Review: ‘Vampire Academy’ (School Isn’t All That Sucks Here)

When the dream sequence killing off the cast is better than everything afterward, you MIGHT have a script problem.

Exposition: Moroi are peaceful mortal vampires – never mind that they drink the blood of the living – who are protected by half-vampire guardians called Dhampirs from the red-eyed bad vampires called Strigoi. Got all that? Rose Hathaway (Zoey Deutch) is the assumed Dhampir protector of Lissa Dragomir (Lucy Fry), the last of her Moroi bloodline and heir to the so-called vampire throne – we’ll get to “the queen” later. Anyway, Rose and Lissa have been living on the lam in Portland, Oregon until they get dragged back to Montana’s own St. Vladimir’s Academy – which looks a lot like left over sets from Hogwarts – where Moroi learn to use magic and Dhampirs learn to protect Moroi with their lives. Ninety minutes of mostly blood-red herrings culminates in exactly who you think stepping forward as the big bad before the movie mercifully ends.

This is why we can’t have good vampire movies.

Assuming that the Vampire Academy books must be better than what crawled up and died on the screen, imagine the kids from Clueless updating their pop culture references to play vampires in the Wizarding World of Harry Potter. There is simply too much going on here for a ninety-minute movie, and that’s before The Queen of All Vampires (Joely Richardson) inexplicably shows up to diss the Princess Lissa – in what world would a bunch of high school socialites NOT want to be besties with the future Queen? Vampire Academy, that’s where. Being a film for teens also means that every adult teacher is vain, clueless and/or evil; there’s nary a Headmaster Dumbledore or even a worthy Professor Snape in sight, so our heroes have no one to turn to – but the WORST problem is really just trying to be popular in school before the big dance! Shouldn’t – I don’t know – your LIVES be a little more important? Isn’t this why you ran away to begin with? If this is really the story in the first book, my sympathies.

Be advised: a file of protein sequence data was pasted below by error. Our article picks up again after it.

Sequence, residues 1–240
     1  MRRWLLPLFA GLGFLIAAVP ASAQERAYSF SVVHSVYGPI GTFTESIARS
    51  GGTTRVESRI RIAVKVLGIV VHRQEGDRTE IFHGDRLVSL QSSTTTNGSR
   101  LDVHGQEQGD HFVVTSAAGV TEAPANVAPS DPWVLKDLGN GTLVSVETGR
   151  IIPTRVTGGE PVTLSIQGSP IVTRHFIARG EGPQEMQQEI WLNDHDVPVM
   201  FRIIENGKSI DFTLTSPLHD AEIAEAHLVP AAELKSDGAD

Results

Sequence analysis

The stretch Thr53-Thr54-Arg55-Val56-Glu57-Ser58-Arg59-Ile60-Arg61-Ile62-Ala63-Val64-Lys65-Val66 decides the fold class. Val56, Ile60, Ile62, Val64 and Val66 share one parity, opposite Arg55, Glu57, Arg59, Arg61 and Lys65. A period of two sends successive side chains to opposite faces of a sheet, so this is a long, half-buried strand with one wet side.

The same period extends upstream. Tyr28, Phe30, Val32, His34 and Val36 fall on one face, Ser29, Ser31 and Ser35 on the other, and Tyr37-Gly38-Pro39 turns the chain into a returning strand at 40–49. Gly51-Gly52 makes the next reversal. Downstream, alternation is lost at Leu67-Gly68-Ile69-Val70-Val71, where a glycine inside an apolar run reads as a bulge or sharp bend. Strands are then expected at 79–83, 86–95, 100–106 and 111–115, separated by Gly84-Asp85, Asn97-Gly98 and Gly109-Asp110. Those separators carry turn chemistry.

The ranks of Overactors Anonymous could recruit much of the cast. Zoey Deutch’s protrayal of Rose feels like she’s channeling Ellen Page’s performance of Juno – poorly. Lucy Fry’s Lissa is split between moments of decent acting followed by five lines that sound like nails on the chalkboard. In defense of both actors, the written lines are pretty bad, too. The always-professional Gabriel Byrne phones it in, and if you’ve seen 95% of the movies he’s been in, you already know exactly what part his character plays. To be fair, both Cameron Monaghan and Dominic Sherwood manage to shine in their supporting roles, which only highlights how below par everyone else’s performance is. Suggestion to the screenwriters: you may not want to put down Twilight and sparkling vampires when your script already sounds like bad fan fiction itself.

The Weinstein Company should know better than this, right? There were no midnight shows or any pre-screenings held that I am aware of, just lots and lots of insipid clips on teen social websites confirming a lack of confidence in the final product – and it doesn’t look like many of those targeted were fooled into attending opening weekend. With three individual movies rolled into one featuring the same characters that just couldn’t get it together, the biggest misstep of all is showing us what could have been. In a dream sequence, our hero Rose sees her charge Lissa in danger, arriving in time to see everyone die and her best friend turned into one of the bad vampires – a total fail on all levels and game over for Rose… just before Lissa wakes up. Nothing that follows lives up to the tension, effects or action in that ONE scene. Here’s a friendly tip, folks: a reminder of how awesome your film could have been does nothing but show how bad all the rest of it actually is.